“At the time when the Holy One desires to atone for the sins of the world, like a physician who to save the other limbs, bleeds the arm, he smites their arm and heals their whole person: as it is write, ‘He was wounded for our iniquities,’ etc”[26]


“Come, consider the congregation of Israel, how it is called a lamb, as it is said, ‘Like a lamb that before her shearers is dumb.’ Why was it dumb? Because while the other nations ruled over it, it was deprived of speech and made dumb.”[27]


I could go through many of the sources he has used and whether under examination they really prove his point. I will just make one comment about a single one.  He states:


“Also from the second half of the sixteenth century are the writings of Rabbi Moshe Le Sheich or Al Shech, who was a disciple of Joseph Caro, author of the Shulchan Aruch. He, too, demanded that all Jewish interpreters return to the more traditional interpretation when he wrote: ‘…our Rabbis with one voice accept and affirm the opinion that the prophet is speaking of the King Messiah, and we shall ourselves also adhere to the same view…’”[28]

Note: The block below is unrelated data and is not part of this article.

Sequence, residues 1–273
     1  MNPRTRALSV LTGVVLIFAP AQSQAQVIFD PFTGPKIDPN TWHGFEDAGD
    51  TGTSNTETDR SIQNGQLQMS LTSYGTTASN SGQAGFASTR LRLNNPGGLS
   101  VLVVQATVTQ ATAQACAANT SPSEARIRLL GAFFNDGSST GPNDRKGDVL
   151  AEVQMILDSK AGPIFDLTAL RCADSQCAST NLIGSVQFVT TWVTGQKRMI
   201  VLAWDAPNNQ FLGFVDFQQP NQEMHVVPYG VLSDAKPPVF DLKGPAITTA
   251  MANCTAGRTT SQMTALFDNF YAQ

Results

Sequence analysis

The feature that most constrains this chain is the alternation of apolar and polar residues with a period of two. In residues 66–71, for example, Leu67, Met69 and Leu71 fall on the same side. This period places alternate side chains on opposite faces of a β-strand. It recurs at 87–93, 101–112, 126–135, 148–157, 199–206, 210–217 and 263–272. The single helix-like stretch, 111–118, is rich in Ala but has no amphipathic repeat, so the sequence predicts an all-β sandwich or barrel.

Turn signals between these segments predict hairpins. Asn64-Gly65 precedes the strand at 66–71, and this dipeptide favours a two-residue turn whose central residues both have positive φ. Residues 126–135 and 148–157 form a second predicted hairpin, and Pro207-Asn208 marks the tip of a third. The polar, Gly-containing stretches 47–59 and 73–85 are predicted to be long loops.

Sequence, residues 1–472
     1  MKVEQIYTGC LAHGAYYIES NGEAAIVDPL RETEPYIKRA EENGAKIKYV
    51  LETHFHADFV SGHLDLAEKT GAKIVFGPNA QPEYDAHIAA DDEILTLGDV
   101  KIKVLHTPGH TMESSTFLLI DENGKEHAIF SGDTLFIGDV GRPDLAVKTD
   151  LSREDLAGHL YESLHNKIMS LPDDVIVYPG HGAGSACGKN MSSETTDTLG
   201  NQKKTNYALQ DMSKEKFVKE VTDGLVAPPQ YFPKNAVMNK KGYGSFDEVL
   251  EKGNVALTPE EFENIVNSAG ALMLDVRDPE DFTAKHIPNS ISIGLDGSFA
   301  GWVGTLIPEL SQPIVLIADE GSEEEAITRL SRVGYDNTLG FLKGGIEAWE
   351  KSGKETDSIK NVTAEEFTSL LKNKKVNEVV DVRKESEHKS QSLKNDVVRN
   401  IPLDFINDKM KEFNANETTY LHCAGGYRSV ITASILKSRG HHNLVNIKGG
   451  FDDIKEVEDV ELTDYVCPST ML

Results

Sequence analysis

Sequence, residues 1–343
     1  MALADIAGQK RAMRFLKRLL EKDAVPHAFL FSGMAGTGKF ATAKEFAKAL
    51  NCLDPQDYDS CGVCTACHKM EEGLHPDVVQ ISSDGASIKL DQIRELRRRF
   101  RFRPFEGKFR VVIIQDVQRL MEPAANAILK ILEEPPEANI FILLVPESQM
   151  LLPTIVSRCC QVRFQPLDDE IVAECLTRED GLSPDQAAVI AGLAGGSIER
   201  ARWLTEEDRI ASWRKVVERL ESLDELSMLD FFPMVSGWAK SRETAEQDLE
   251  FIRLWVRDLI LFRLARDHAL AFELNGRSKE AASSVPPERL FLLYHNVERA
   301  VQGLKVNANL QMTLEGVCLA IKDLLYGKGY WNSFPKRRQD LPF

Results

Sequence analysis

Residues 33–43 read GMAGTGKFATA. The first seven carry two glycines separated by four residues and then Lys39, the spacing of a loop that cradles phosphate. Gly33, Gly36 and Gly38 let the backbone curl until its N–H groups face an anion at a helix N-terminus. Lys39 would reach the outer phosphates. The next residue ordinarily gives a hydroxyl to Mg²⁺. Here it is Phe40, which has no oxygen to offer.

However, the words that follow DIRECTLY after what he has quoted state: “for the Messiah is of course, David, who was ‘anointed’ as is well known…”[29] He then discusses how it applies to David. Later he explains verses 53:9-12 as applying to Moses!!![30] We see that here he has misused this source. A source which actually provides an alternate view to the one he claims.


Actually Fructenbaum ignored many sources where Isaiah 53 is applied to others besides Israel and the righteous. For example Moses appears in a number of sources like the Talmud[31], Yalqut[32] and Zohar[33]. Saadiah Gaon applied it to Jeremiah[34].


Some of the sources that he uses can not be used because they do not reflect authentic Rabbinic belief. Yepheth ben ‘Ali[35] was a Karaite and not a follower of the Rabbis!!! ‘Rabbi’ Moshe Kohen Ibn Crispin[36] was not even a Rabbi!!![37]


With almost ever Rabbi quoted, and with all those he leaves out we see a different picture then the one he is claiming. While this selective ignoring of sources is disturbing the following quote from his book raises some disturbing questions.